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August 18, 2012

TMCnet GreenTech Week in Review



It’s the dog days of summer, and Americans in ten states would like a lick of rain to offset the effects of the continuing drought; while others are trying to collar their U.S. legislators about voting “aye” to a PTC for wind energy. Elsewhere, Scotland is fetching more low-carbon commuter buses and Fiji Islanders have begun to unleash the power of solar generation.

With that in mind, we hope you will sit and stay with us for this Green Tech Week in Review report.

In America, almost nobody has a “dry” sense of humor anymore – and who can blame them? Faced with record-breaking 2012 summer heat, 81 percent of Americans are concerned about "increased drought" and other extreme weather conditions, according to a major new survey conducted July 26-30 for the Boston-based Civil Society Institute (CSI). The poll found that concerns over sinking reservoir levels have made people focus on using alternative energy sources, such as wind farms and solar arrays, which require less water for production. The majority of respondents supported this. The survey was performed across ten U.S. states most affected by drought. Fully 85 percent of Americans say the availability of ample clean water should be a top national priority for the United States.

According to the 2011 Wind Technologies Market Report, just released by the U.S. Department of Energy, the United States remained one of the world’s largest and fastest-growing wind markets in 2011, with wind power representing a remarkable 32 percent of all new electric capacity additions and accounting for $14 billion in new investment. However, the report finds that 2013 may see a dramatic slowing of American wind energy deployment, due in part to the possible expiration of federal renewable energy tax incentives. The Production Tax Credit (PTC), which has helped drive the industry’s growth, is set to expire at the end of this year.

This week, Scotland’s First Minister Alex Salmond gave the green light for a trailblazing clean energy hub, to be located in Aberdeen City. The $5.2-million demonstration project will literally be rolled out by a fleet of hydrogen buses – the largest in Europe – scheduled to hit the streets in 2014. The Scottish Government and Scottish Enterprise each have committed up to £1.65 million (US$2.59 million) to support the project, which also has received funding from the European Commission and the U.K. Technology Strategy Board. Now, the Aberdeen City Council, supported by Aberdeen Renewable Energy Group, a private-public partnership, will start the project’s first phase with an order for ten hydrogen fuel-cell buses, which will generate zero local emissions. To date, most global hydrogen production has come from fossil fuels – but it also can be produced from electrolysis, which uses electricity to split water into hydrogen and oxygen.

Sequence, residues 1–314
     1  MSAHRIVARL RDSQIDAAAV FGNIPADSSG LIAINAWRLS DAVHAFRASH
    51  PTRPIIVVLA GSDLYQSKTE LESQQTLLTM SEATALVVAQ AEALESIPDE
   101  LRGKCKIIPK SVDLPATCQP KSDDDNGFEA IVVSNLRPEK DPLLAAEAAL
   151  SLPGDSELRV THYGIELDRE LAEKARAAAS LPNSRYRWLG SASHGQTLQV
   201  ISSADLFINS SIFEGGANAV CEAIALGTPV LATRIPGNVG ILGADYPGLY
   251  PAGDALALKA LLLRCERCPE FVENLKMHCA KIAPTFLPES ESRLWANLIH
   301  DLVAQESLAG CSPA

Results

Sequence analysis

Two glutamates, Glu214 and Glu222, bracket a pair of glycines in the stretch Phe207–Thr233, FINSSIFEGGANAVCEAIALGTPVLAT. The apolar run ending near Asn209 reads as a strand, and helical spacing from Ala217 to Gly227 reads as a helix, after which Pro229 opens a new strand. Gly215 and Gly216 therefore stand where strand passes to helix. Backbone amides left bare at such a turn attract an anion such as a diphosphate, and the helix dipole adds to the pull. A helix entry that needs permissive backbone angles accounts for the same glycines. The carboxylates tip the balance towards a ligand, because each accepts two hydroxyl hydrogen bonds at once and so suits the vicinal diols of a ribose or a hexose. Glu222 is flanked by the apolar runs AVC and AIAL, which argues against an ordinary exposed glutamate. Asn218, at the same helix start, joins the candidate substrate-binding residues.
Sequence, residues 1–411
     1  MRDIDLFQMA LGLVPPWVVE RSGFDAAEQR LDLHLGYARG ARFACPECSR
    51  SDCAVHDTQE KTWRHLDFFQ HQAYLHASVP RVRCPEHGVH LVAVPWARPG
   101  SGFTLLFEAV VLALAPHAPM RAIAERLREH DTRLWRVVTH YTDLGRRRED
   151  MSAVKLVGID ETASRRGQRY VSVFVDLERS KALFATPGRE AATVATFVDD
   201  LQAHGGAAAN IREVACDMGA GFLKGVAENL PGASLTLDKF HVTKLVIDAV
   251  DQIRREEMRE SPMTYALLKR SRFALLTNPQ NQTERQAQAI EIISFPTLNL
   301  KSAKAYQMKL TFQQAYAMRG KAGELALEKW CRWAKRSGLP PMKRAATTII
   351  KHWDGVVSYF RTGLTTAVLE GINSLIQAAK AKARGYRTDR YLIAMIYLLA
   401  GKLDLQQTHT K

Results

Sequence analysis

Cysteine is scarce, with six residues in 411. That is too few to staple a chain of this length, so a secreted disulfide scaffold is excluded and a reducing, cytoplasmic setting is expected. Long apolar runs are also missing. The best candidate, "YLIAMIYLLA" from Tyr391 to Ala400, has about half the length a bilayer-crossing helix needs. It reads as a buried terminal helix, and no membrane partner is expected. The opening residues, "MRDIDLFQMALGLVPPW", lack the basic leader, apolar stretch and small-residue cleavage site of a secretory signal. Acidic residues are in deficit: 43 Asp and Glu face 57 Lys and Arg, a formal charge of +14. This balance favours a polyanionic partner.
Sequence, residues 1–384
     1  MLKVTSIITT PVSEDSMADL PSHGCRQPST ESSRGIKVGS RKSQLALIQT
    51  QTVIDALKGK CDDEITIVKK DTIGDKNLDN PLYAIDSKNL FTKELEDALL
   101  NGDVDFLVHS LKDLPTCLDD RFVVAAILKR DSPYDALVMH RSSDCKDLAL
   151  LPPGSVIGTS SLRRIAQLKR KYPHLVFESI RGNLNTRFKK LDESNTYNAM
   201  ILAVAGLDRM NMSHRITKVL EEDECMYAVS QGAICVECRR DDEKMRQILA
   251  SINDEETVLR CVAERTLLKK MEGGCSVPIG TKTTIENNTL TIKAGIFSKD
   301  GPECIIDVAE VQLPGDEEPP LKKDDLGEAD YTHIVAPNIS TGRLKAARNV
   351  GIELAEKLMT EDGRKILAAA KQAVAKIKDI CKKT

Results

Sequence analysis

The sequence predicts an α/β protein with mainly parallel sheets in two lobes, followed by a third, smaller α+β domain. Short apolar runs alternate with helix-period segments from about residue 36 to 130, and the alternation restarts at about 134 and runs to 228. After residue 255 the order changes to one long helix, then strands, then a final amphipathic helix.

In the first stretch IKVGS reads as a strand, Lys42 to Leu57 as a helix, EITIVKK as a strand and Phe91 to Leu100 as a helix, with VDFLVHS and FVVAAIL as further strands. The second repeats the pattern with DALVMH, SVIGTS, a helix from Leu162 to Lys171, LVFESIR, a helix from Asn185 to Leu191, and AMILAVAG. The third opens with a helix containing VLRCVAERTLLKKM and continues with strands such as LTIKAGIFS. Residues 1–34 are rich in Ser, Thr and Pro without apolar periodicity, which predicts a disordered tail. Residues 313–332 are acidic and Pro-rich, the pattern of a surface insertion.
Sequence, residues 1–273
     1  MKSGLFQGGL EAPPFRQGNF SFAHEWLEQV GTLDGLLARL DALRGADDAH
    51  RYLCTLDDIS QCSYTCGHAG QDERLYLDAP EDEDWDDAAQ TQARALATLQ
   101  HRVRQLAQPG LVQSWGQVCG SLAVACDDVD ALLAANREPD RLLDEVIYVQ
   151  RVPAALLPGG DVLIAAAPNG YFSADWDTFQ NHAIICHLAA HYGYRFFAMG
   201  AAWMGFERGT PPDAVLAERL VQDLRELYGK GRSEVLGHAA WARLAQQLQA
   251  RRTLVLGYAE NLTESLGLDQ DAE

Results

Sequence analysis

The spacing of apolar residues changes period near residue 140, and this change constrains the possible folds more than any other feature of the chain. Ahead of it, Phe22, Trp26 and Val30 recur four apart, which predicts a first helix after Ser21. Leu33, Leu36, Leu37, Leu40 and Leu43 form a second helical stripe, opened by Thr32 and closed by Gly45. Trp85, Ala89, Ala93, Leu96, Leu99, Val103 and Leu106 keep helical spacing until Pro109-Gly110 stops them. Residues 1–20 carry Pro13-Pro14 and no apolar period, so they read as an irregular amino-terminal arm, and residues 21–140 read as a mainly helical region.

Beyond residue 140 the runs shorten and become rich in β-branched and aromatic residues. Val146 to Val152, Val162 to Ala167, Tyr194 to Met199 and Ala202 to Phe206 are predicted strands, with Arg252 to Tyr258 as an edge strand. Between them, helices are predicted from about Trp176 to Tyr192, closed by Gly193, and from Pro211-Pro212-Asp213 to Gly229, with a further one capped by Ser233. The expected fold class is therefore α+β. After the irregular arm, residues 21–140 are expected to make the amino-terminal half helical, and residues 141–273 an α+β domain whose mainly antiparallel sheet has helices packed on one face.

Kyocera (News - Alert) Solar Inc., of Kyoto, Japan, has announced that its solar arrays will bring light and power to more than 2,000 homes in the remote villages of the Fiji Islands. The solar systems are being deployed in partnership with Fiji’s Department of Energy and in line with pledges made at the Fifth Pacific Islands Leaders Meeting (Palm 5) in May 2009. To date, 135 kilowatts (kW) have been installed and the remaining 270 kW will be in place by the end of the year. 

Apple recently announced it would be coming out with a smaller dock connector for its next-generation iPhone (News - Alert), but those looking to upgrade may be less than thrilled. Not only will the 19-pin port require all-new accessories, as it will not work with the current 30-pin ones, but now it is being reported that the new dock is not very environmentally friendly either. When the masses of Apple (News - Alert) customers eliminate their old accessories, the amount of resulting e-waste will be astronomical.

Tokyo-based Ricoh has been recognized among just six organizations worldwide that are on a path toward a “green and inclusive economy. Consulting firm Deloitte (News - Alert) researched the sustainability activities of 65 leading companies in ten industries for its first Zero Impact Growth Monitor 2012. The report highlights that the majority of the companies studied still are ambiguous about their strategic growth ambitions. Along with Puma, Nike, Nestlé, Unilever and Natura, Ricoh has been classified at the “Ecosystem” level of sustainable business.

The trend in new construction and retrofits can only be described as “extreme green” or “net zero.” Venture capitalists have plowed more than $4 billion into the development of sustainably designed, energy efficient buildings. Now, they are looking at ground-breaking technologies to further develop this space, according to a report just released by Lux Research. “Early VC investors are looking for exits for the first wave of successful green buildings start-ups and the seeds of the next crop are being sown in on-site generation and sustainable materials,” said Lux Research Analyst Ryan Castilloux, the lead author of the report, titled, “Building a Green 21st Century: Tracking Venture Investments in Green Buildings to Uncover New Opportunities.”

Green technology lovers can now bond on their own social networking website, Ozoshore. Officially unveiled earlier this week, the website is giving members the ability to share green messages with “partners” (similar to friends on Facebook (News - Alert)). Members can have a business page and/or a personal page and an unlimited number of partners; as well as custom pages such as a donation site, newsletter, mission statement, blog and more.” At this time, the platform boasts around 3,000 members, with more people hoping on board as the days pass.


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